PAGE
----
While this will help mitigate the risk of manipulation, with overnight rates based on actual historical transactions, effectively, a borrower or lender will not know the amount of a payment until a few days before it needs to be made, which may pose challenges to planning and cash flow management.
For tough legacy contracts, where businesses struggle to transition, there has been talk of a “synthetic” LIBOR. “There is potential that there might be a LIBOR rate in some shape or form beyond the cessation date, but this isn’t something anyone should rely on because you might not get the result you want. And the regulators are actively pushing to transition away from LIBOR. I think people will get used to the new rates as time passes,” said Koeppl.
Watch out for mis-selling and misconduct
Any transition and upheaval to a system or process comes with misconduct risk, and the end of LIBOR is no different, applying to all products and entities, with particular emphasis on regulated financial services firms.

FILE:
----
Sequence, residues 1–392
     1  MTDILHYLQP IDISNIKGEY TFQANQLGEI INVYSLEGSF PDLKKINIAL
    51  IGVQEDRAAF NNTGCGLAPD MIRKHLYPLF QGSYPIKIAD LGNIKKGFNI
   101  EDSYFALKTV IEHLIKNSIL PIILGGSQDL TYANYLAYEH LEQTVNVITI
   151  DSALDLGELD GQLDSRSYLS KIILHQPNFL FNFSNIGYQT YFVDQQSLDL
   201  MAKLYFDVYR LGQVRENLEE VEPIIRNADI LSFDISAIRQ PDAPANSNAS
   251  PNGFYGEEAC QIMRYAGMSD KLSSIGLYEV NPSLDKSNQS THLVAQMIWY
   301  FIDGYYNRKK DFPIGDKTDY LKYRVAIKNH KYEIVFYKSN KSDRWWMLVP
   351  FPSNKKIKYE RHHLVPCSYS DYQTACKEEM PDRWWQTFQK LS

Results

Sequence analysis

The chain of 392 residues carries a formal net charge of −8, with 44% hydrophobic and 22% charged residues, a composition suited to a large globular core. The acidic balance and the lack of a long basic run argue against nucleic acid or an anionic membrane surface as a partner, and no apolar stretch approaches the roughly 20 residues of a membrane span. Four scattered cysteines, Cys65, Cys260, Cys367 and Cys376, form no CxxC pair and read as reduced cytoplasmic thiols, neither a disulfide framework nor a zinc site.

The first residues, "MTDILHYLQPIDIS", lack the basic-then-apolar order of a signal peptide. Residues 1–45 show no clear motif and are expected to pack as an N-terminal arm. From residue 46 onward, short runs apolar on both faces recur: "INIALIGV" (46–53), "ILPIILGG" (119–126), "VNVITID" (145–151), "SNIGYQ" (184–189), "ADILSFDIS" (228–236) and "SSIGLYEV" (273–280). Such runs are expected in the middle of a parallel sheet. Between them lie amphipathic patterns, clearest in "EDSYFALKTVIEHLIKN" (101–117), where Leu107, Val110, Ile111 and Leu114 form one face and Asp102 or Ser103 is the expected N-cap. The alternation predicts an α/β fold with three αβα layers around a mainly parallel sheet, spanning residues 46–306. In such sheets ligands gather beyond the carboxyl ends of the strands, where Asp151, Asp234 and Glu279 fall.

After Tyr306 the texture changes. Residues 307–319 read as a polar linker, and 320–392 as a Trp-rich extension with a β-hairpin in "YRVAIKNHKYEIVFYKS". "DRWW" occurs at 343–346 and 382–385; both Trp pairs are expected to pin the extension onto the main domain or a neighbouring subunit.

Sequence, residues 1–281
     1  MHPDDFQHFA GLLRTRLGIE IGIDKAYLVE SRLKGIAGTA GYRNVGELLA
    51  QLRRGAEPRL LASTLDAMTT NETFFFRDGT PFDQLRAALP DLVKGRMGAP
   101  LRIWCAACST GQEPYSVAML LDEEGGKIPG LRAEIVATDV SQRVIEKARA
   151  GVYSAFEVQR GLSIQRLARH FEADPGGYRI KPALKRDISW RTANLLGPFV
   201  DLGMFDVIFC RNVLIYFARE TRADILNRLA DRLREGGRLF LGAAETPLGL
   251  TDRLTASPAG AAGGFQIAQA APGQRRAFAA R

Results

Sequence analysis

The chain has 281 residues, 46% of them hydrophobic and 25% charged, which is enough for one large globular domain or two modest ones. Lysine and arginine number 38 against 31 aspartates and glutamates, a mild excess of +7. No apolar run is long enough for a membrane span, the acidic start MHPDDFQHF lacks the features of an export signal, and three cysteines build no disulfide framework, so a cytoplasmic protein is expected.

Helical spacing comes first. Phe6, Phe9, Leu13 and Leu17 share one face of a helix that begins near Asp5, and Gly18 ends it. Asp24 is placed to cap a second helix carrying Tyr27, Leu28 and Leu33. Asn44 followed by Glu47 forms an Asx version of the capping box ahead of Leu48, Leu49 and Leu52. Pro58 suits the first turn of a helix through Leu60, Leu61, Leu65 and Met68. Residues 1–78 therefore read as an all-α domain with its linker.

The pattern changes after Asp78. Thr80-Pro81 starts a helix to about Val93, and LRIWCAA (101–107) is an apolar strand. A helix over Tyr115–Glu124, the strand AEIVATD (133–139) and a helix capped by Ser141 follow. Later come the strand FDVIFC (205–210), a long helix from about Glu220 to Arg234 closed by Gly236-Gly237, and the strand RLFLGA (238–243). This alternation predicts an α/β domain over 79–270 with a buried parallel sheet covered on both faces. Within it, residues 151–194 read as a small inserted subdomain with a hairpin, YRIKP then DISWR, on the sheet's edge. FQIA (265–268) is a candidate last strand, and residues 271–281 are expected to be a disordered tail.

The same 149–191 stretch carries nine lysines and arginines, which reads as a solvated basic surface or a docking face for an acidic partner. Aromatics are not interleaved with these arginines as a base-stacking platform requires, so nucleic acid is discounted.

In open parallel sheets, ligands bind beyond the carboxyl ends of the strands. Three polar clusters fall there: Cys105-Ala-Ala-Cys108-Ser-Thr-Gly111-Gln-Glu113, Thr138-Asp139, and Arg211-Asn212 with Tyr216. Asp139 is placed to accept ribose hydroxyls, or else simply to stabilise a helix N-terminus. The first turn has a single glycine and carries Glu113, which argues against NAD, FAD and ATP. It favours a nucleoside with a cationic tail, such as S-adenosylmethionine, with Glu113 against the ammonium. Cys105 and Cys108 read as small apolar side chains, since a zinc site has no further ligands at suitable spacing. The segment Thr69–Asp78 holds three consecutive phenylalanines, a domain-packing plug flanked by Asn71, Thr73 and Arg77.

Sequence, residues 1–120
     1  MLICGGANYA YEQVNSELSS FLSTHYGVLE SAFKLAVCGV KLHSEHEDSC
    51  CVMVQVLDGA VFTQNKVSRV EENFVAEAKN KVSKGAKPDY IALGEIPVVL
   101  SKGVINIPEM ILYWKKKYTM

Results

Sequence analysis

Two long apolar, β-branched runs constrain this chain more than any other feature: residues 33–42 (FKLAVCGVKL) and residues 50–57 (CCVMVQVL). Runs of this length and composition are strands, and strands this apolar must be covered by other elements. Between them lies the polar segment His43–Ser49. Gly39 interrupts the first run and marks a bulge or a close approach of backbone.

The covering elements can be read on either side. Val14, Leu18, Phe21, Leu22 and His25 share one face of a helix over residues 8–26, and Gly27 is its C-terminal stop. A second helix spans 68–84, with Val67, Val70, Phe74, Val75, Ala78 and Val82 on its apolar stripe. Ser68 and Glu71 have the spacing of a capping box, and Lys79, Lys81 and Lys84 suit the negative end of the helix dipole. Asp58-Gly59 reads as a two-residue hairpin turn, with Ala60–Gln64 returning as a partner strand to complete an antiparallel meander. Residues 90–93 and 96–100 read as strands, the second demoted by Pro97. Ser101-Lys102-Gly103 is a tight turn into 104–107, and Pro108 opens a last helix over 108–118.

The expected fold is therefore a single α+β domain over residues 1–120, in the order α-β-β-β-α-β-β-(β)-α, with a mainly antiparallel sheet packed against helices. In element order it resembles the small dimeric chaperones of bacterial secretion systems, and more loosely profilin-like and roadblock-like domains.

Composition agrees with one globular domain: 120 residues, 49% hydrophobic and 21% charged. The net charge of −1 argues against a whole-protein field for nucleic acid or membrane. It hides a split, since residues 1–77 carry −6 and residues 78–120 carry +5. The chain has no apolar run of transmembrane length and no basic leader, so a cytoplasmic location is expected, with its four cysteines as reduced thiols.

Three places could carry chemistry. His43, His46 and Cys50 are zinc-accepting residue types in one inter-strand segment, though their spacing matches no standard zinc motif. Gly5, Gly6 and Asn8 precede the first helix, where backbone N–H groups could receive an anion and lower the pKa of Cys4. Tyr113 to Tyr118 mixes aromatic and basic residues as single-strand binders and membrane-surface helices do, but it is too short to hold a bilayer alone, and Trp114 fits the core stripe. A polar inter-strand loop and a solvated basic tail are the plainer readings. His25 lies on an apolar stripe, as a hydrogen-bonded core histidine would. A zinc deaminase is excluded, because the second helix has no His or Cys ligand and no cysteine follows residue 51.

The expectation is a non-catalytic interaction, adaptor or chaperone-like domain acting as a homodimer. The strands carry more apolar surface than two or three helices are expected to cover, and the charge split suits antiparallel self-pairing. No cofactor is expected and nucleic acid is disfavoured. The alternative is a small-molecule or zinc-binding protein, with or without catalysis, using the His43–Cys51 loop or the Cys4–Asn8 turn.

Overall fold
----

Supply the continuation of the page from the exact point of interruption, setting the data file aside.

“Banks don’t want the LIBOR transition to be the next conduct risk and mis-selling crisis, because customers were sold products with conditions they didn’t fully understand,” said Koeppl.
Furthermore, debt issuance is a potential challenge for large non-financial corporates, not just for banks said Koeppl. “So for example, if a corporate issued a floating rate note, they need to identify and reach out to their bond holders to solicit their consent to undertake the transition, to communicate a new rate and spread, and there shouldn’t be a value transfer in doing so, said Koeppl.
Alternatives to LIBOR
- SONIA for contracts denominated in sterling.
- SOFR is the new rate for US dollar-denominated contracts.
- Euribor for euro contracts, though is also under review for reform.
- HIBOR (Hong Kong) and SIBOR (Singapore) are also facing review.
- SARON is being pushed as the new rate in Switzerland
- TONAR is the alternative reference rate for the Japanese yen.
Neil Johnson is a freelance business journalist who contributes regularly to trade publications and member organisations, covering employability, recruitment, business trends and industrial analysis.